The global semiconductor market has long been dependent on Asia, but here are some of the major factors shaping chip manufacturing in Europe.
Semiconductor Industry: Current Trends and Impact on Demand
Coronavirus is the word on everyone’s lips, and this is no different in the electronics industry. The supply of parts and components has, of course, been affected and so people are starting to look at how it has impacted specific types of components. In this article, we take a look at the semiconductor industry in light of COVID-19, including the current trends and what the impact has been on demand.
What is the semiconductor industry usually like?
The semiconductor industry is critical to the production of a wide range of electronics, including consumer electronics, automotives, healthcare electronics, AI and more, meaning it is typically very strong.
Prior to the COVID-19 outbreak, there were some issues with component supply relating to the US-China trade war but this didn’t have a massive impact on the industry as a whole.
How has COVID-19 affected the semiconductor industry?
The very beginning of the COVID-19 outbreak mainly affected Asia, but many component manufacturers are situated in Asia so it had an impact straight away. Early into the outbreak, many of these manufacturers had to halt production completely – and this, paired with global travel restrictions, meant that there were some serious supply issues.
However, production seems to mainly have resumed now and the fears surrounding supply chain shortages are not quite as extreme as before. Having said that, many component manufacturers are now having to put social distancing measures in place and so overall output for the year will still be lower than is typical as production must continue at a slower pace.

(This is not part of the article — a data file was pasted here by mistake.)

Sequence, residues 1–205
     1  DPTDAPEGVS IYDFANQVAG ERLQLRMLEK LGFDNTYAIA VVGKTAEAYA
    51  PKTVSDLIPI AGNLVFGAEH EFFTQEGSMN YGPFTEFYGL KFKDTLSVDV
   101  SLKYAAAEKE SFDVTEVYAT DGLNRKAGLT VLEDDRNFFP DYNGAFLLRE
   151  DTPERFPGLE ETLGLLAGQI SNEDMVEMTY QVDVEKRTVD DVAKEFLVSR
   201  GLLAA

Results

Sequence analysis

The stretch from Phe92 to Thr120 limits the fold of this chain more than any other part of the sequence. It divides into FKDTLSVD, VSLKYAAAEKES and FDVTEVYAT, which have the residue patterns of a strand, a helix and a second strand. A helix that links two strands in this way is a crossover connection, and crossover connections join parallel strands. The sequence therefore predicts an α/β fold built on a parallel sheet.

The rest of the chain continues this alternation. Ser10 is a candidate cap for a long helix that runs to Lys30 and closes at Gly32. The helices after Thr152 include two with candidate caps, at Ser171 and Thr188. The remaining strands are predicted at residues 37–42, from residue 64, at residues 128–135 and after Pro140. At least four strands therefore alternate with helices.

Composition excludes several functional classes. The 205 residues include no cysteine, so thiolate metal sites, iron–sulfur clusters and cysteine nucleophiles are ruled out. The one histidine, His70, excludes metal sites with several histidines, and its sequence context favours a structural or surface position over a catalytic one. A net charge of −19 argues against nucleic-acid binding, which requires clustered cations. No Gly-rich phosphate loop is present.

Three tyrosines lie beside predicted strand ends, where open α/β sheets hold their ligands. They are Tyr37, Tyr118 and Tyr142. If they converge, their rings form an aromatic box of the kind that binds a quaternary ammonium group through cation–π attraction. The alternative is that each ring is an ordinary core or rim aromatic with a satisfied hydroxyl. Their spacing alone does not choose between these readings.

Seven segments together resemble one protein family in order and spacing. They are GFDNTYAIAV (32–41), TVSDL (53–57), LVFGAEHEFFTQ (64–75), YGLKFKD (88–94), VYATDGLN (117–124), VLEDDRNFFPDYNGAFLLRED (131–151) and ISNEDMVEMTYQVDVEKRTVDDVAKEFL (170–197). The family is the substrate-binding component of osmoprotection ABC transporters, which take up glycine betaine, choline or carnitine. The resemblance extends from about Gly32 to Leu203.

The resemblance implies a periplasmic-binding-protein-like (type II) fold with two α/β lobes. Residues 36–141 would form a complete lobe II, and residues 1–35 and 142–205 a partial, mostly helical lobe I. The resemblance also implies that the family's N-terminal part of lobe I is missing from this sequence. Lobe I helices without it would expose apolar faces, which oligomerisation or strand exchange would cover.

How has COVID-19 affected demand for semiconductors?
It is generally thought that demand for semiconductors has and will continue to vary based on the sector. For example, consumer spending has reduced overall due to financial worries and so the demand for semiconductors in consumer electronics, which has a big market share, has been lower than usual and will continue to be so. Conversely, the demand for semiconductors in medical equipment has been heightened by the increased number of people falling ill.
Will it recover?
Like many other industries, the semiconductor industry has found it necessary to make operational changes in order to survive, adjusting production in line with the impact of the virus.
Despite the many challenges presented to the semiconductor industry as a result of the global pandemic, it is thought that the industry will make a recovery, albeit slow and steady. It all depends on whether the virus can be controlled but it seems that there is room to be optimistic.
For example, one report by Wakefield Research in June suggested that the semiconductor industry is set to ‘rebound strongly’. They conclude the report by stating:
“As economic activity recovers, Wakefield Research forecasts demand for semiconductors to recover quickly, as companies begin to renew their investments in cloud infrastructure and as artificial intelligence and connected devices become increasingly commonplace in our society.”
It seems that, although the semiconductor industry has taken a blow, its importance in our lives will ensure that it recovers. Perhaps not all manufacturers will make it, but the industry will certainly bounce back.
If you are looking to source semiconductors from a reliable source, we recommend partnering with a component distributor who will be able to take a flexible approach in sourcing the electronic components you need from trusted suppliers.